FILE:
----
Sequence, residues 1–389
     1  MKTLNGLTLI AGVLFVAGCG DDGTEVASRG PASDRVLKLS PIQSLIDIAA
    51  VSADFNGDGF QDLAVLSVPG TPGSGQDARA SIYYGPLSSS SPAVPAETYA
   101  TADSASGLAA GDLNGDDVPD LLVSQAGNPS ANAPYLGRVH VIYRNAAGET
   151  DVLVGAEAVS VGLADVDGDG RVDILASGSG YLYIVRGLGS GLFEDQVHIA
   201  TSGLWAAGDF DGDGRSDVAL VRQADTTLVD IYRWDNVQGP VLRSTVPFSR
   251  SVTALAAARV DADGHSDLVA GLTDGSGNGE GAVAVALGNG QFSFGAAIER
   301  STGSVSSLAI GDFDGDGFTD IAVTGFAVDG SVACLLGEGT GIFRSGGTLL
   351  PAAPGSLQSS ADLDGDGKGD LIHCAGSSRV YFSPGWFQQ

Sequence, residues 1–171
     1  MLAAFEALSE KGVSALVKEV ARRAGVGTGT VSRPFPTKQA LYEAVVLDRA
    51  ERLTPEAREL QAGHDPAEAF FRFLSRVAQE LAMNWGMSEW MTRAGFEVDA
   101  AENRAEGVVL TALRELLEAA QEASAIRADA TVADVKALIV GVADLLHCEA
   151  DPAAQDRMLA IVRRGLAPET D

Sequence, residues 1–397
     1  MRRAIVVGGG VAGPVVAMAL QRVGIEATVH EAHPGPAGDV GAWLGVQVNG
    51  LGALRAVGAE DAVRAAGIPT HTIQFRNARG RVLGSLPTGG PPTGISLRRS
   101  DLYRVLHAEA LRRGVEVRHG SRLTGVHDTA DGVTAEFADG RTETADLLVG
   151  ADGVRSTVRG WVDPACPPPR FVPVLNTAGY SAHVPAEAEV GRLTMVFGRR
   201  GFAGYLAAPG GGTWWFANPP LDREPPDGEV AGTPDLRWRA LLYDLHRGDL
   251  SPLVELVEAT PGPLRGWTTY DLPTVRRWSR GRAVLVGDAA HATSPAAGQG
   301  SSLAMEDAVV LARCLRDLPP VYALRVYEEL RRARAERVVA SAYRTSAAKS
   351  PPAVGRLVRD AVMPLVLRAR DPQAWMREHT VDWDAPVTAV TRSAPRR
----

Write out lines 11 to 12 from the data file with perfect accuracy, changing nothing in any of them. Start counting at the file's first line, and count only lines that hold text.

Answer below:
     1  MLAAFEALSE KGVSALVKEV ARRAGVGTGT VSRPFPTKQA LYEAVVLDRA
    51  ERLTPEAREL QAGHDPAEAF FRFLSRVAQE LAMNWGMSEW MTRAGFEVDA